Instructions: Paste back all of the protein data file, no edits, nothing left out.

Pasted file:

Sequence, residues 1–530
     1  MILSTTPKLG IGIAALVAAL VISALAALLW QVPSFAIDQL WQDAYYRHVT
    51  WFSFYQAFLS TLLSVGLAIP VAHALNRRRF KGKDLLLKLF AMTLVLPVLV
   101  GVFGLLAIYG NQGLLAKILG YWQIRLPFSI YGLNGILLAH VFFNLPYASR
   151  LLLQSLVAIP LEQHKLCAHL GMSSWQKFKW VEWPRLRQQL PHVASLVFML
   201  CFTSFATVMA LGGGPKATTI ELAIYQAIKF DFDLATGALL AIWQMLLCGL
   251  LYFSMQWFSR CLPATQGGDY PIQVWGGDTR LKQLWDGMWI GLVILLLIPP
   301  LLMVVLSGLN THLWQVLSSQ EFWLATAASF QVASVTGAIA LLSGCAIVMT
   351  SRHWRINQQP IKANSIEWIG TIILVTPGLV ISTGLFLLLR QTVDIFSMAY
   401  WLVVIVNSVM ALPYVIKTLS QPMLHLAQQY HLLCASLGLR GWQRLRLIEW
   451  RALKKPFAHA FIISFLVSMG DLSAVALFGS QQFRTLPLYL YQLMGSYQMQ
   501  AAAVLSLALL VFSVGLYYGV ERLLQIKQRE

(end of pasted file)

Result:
Sequence, residues 1–530
     1  MILSTTPKLG IGIAALVAAL VISALAALLW QVPSFAIDQL WQDAYYRHVT
    51  WFSFYQAFLS TLLSVGLAIP VAHALNRRRF KGKDLLLKLF AMTLVLPVLV
   101  GVFGLLAIYG NQGLLAKILG YWQIRLPFSI YGLNGILLAH VFFNLPYASR
   151  LLLQSLVAIP LEQHKLCAHL GMSSWQKFKW VEWPRLRQQL PHVASLVFML
   201  CFTSFATVMA LGGGPKATTI ELAIYQAIKF DFDLATGALL AIWQMLLCGL
   251  LYFSMQWFSR CLPATQGGDY PIQVWGGDTR LKQLWDGMWI GLVILLLIPP
   301  LLMVVLSGLN THLWQVLSSQ EFWLATAASF QVASVTGAIA LLSGCAIVMT
   351  SRHWRINQQP IKANSIEWIG TIILVTPGLV ISTGLFLLLR QTVDIFSMAY
   401  WLVVIVNSVM ALPYVIKTLS QPMLHLAQQY HLLCASLGLR GWQRLRLIEW
   451  RALKKPFAHA FIISFLVSMG DLSAVALFGS QQFRTLPLYL YQLMGSYQMQ
   501  AAAVLSLALL VFSVGLYYGV ERLLQIKQRE